Roehampton in the 18th century was full of grand country houses. This Doric Temple was built between 1762 and 1769 in the grounds of Bessborough House. It was moved in 1913 to Mount Clare, at this stage to what were perfect bucolic surroundings, on the edge of a lake and other beautiful landscape features. Inside, it had a painted ceiling with a deep cove, winged female demi-figures, medallions and garlands, its centre painted with a lute, laurel wreath, tripod burners and honeysuckle tendrils. On the walls were lavish Prince of Wales feathers, plus a plastercast of one of the Parthenon frieze panels.
Mount Clare initially retained its ‘luscious meadows’, but by the 1960s the area around the Temple had become low-rise student housing. By 1999 the Grade II* Temple was on the Heritage at Risk Register. In 2001, Mount Clare was acquired by The Southlands Methodist Trust and since 2004 the site has been leased by Roehampton University. Over the last 20 years, the Temple has been severely vandalised, with rough sleepers using it, lighting fires and damaging its interior. The plaster reliefs have been part-destroyed, windows broken and the ceiling stained. It is one of the most long-standing at risk sites in London.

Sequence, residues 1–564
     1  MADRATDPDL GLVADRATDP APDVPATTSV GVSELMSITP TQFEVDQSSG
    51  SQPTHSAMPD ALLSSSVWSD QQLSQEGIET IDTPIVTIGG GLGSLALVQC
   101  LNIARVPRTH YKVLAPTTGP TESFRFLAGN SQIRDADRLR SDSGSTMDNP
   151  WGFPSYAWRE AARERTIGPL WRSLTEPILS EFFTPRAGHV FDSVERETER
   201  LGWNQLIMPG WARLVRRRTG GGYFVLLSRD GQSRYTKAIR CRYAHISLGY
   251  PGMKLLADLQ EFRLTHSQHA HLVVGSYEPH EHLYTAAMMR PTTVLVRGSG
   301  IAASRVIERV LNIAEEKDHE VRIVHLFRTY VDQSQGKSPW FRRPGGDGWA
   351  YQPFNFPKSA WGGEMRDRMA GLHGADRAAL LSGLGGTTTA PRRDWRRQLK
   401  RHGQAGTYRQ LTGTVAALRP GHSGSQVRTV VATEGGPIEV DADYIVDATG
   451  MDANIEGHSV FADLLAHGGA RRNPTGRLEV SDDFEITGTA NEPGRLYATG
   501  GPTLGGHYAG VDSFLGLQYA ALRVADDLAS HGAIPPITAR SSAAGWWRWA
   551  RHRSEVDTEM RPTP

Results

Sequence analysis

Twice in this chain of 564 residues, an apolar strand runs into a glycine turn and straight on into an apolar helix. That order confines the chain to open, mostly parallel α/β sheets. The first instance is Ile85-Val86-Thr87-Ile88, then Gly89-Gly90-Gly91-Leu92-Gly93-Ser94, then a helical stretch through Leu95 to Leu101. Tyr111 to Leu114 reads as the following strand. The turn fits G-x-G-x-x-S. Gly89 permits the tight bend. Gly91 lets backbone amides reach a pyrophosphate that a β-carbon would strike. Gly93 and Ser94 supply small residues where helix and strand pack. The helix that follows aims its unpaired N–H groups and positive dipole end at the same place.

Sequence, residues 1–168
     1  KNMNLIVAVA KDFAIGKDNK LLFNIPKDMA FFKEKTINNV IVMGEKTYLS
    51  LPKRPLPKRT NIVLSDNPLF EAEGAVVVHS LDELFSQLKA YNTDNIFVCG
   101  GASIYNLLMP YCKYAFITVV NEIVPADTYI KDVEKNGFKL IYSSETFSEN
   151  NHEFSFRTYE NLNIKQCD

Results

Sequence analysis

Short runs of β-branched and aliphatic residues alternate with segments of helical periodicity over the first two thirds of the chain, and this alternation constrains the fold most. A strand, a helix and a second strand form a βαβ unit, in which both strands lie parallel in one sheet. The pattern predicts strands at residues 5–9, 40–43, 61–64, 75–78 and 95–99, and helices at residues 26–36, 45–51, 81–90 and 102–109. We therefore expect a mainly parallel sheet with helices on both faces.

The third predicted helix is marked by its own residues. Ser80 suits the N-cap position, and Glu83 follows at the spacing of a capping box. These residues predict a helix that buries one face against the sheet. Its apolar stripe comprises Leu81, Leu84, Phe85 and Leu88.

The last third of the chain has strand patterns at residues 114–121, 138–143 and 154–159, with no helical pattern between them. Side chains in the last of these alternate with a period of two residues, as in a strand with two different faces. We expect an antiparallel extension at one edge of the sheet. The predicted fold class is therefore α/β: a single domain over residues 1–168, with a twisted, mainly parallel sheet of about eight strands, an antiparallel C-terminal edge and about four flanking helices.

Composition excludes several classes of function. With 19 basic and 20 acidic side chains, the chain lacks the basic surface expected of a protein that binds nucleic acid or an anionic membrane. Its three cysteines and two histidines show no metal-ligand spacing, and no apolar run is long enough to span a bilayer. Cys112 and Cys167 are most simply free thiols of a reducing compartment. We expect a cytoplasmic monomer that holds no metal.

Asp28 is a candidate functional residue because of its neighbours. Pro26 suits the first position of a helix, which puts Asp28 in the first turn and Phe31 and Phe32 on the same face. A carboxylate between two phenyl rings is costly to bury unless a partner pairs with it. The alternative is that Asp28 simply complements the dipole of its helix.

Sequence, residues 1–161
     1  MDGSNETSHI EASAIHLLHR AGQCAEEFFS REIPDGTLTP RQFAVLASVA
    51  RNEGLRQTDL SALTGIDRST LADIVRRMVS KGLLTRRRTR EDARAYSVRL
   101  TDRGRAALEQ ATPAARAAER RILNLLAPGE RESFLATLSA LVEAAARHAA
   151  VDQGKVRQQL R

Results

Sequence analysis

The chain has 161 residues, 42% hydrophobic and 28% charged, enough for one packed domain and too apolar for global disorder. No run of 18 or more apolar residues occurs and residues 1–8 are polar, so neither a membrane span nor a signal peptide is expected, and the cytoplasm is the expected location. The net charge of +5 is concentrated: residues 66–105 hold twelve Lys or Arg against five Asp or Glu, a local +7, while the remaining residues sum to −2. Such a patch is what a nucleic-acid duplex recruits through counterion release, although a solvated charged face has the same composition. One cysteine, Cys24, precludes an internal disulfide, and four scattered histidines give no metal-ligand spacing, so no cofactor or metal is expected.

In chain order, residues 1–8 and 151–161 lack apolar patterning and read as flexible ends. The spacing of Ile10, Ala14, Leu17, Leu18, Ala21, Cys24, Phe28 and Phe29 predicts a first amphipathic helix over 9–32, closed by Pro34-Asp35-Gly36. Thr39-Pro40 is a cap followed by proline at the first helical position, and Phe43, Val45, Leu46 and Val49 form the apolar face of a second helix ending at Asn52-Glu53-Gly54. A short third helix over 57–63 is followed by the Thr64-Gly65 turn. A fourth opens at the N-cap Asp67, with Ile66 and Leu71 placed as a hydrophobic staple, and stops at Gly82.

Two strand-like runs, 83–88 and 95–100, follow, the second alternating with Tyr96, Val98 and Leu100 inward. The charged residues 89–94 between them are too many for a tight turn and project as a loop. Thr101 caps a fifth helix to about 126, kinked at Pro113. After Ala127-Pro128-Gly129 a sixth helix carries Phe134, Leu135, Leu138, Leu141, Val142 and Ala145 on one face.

THANKS TO HOLT...
In November 2020 HOLT launched the Temple’s restoration. As well as giving a grant of £15,000, HOLT is raising additional funds for the project and commissioning research including 3D scanning of the plaster reliefs.
The restoration project will offer placements for early career conservators as well as visits for young people in HOLT’s Proud Places programme. During the project the Temple will be open to the public for tours to see the conservators at work.